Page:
2 August 2016
Indian government forgets children’s invisible work
Sarah Mount, South Asia Programme Manager, Anti-Slavery International “I fear for my children. What if they become like us, without a house, without food, always desperate.”
– Mother and former bonded labourer, April 2016
Globally, 98 million children from the age of five to seventeen work in agriculture, the majority being unpaid family members, according to the ILO
. Agriculture is one of the most dangerous sectors in the world, with high numbers of work-related fatalities, non-fatal accidents and occupational diseases. In relation to children working in this sector, the ILO note that there is a difference between light work outside of school hours that doesn’t harm children, and activities that are hazardous and impact on children’s health and education.
Whilst we recognise this distinction as well, the new Child Labour (Prohibition and Regulation) Amendment Bill, recently passed by the Parliament of India, creates a big risk that children under 14 years of age will end up working in hazardous or harmful work that negatively affects their education and health – in both agriculture and other sectors.
The new Bill begins by prohibiting the employment of children under 14 years of age in all occupations, a great step forward, but then carries on to exempt children that help their family or work in family enterprises after school hours. Whilst the amended bill defines family and family enterprises, there is still significant concern among activists that these definitions are not robust enough. Crucially, the exemption clause seems extremely difficult for the government to monitor – how will they check to see that children are only helping with light work, or working in non-hazardous family enterprises after school hours? Children could easily be enlisted to work to help their family in sectors that are harmful to them, or for distant family members or people posing as family members.
The BBC reported
that one factory owner is delighted that he can now employ children under 14 years of age, who he will pay significantly less money to. He was not concerned about the provision that they must work for a family enterprise, implying that he could easily subvert this - "How long does it take to acquire a family?… It's not a big problem."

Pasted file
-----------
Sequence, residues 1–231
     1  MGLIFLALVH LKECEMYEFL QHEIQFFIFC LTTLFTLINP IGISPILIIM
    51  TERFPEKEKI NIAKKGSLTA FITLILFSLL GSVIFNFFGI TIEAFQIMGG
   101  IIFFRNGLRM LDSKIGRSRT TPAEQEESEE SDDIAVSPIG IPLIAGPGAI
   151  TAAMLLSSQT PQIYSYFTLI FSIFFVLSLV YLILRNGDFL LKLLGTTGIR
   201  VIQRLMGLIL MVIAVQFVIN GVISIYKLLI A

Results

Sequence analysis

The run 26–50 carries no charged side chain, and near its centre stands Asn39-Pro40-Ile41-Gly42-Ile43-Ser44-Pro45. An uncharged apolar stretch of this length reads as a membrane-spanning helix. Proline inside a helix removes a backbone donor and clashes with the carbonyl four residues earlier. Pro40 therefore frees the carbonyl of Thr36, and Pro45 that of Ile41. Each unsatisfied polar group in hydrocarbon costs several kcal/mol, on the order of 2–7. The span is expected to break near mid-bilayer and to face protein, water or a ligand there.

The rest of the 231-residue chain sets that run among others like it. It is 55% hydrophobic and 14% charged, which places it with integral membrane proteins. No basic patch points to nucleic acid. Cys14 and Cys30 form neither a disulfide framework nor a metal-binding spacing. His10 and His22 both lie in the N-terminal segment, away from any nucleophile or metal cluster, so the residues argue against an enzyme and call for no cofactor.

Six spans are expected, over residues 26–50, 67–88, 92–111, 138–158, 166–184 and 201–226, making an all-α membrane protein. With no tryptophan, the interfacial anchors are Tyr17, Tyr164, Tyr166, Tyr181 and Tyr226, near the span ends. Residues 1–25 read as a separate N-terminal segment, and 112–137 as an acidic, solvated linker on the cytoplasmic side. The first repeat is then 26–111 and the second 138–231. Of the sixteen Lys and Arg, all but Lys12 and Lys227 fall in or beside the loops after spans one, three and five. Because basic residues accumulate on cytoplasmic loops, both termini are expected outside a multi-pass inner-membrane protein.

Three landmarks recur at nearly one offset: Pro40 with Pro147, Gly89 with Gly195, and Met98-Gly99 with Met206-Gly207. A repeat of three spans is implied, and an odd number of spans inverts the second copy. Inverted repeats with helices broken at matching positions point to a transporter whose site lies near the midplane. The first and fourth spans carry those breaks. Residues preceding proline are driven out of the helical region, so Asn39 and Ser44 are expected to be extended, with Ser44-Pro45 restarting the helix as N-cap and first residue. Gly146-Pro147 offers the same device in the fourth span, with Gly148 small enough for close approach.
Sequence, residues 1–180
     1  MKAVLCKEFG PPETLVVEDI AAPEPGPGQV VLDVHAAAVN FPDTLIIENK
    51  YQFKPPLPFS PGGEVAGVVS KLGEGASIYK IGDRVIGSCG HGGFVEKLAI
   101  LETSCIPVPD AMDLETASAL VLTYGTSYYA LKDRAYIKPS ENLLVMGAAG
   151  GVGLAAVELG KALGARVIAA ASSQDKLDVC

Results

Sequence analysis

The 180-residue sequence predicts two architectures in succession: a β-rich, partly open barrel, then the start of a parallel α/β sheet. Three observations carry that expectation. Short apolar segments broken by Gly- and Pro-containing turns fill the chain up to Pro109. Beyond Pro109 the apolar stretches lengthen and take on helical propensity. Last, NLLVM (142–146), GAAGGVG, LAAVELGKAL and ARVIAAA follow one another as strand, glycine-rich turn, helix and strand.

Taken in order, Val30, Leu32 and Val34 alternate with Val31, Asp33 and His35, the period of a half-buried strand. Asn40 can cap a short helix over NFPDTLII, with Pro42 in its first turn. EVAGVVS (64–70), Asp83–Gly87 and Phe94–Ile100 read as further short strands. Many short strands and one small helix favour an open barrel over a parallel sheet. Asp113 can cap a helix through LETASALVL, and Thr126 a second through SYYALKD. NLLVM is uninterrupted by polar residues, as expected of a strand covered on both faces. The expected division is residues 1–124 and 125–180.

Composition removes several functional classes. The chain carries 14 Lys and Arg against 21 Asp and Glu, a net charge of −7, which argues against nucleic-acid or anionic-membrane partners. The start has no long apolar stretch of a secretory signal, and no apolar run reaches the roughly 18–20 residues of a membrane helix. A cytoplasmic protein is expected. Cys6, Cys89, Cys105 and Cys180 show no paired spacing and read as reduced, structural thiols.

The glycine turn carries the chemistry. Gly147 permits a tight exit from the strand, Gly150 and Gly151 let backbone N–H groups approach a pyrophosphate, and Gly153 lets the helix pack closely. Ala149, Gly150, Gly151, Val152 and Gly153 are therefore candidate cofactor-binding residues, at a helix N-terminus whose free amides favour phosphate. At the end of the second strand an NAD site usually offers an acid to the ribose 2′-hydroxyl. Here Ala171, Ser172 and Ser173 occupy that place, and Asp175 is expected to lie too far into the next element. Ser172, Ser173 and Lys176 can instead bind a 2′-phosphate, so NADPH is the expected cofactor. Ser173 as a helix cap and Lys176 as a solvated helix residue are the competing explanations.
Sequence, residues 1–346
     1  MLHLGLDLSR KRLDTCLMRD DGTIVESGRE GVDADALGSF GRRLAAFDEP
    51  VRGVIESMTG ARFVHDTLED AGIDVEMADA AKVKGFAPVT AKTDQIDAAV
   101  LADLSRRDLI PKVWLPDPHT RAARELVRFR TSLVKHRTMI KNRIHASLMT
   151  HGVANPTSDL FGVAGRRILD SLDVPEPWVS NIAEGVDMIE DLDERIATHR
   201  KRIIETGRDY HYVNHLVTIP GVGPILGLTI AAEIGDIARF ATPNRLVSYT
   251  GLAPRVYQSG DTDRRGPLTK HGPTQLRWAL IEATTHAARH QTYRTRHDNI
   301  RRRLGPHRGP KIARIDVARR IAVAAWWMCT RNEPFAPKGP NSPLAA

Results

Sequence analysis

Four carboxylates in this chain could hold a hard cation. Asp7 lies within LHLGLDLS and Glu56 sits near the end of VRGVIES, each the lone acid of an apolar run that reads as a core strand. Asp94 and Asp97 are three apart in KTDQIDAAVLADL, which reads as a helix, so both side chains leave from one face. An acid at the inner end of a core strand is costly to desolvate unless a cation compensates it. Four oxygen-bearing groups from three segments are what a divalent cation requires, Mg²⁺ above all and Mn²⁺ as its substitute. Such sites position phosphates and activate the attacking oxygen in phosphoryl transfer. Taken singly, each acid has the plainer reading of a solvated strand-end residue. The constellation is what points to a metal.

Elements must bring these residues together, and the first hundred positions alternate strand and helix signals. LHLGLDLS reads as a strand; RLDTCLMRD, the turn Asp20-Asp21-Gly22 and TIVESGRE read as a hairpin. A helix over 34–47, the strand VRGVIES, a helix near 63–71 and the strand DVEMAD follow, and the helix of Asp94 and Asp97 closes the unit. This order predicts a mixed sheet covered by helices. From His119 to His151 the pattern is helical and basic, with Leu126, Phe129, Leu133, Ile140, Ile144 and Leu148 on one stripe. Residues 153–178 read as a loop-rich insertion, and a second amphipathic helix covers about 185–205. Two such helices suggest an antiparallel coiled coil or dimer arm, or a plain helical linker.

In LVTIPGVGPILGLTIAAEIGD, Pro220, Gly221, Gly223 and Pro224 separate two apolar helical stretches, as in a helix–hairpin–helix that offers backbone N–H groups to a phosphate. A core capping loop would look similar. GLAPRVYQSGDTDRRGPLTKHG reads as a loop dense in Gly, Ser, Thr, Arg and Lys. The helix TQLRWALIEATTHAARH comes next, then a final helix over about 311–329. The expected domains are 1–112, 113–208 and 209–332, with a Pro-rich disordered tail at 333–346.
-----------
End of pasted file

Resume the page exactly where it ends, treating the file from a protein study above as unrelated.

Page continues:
The Bill could have significant negative consequences, particularly for children from disadvantaged communities, who may be under pressure to return from school early, or to not attend at all, in order to help their families at work. The communities who we work with are often caught up in slavery because of entrenched poverty, discrimination and social exclusion. With this exemption, it is likely that children from poor, low-caste and minority communities will be the ones whose education suffers – continuing the cycle of poverty, discrimination, exploitation and slavery.
Children may also end up working with the family in home-based work, including the stitching and beading work in the garment and sports equipment that is exported across the world. In agriculture, brick kilns and home-based work, often families are paid per piece/weight, creating an incentive for children to work to generate more pieces and therefore income. The bill also reduces the number of industries considered to be hazardous, failing to comply with ILO Convention 138.
To limit potential negative consequences of the Bill, a well-resourced system of oversight needs to be in place that works with other pieces of legislation such as the anti-trafficking bill currently being developed, the Juvenile Justice Act and the labour laws. In particular, ensuring a robust labour inspection scheme which is properly implemented by labour officials is critical. Unfortunately, at the moment, such systems are not implemented. Our partners often struggle to get the authorities to inspect a worksite, even though we work in sectors where trafficking, forced labour and child labour are widespread.
The Indian government has missed a key opportunity to comprehensively tackle child labour and exploitation. We hope that, in the future, it will reconsider this law and close the loopholes that exist – thereby ensuring education and health of children is prioritised. Follow Sarah on twitter: @sarah_mount
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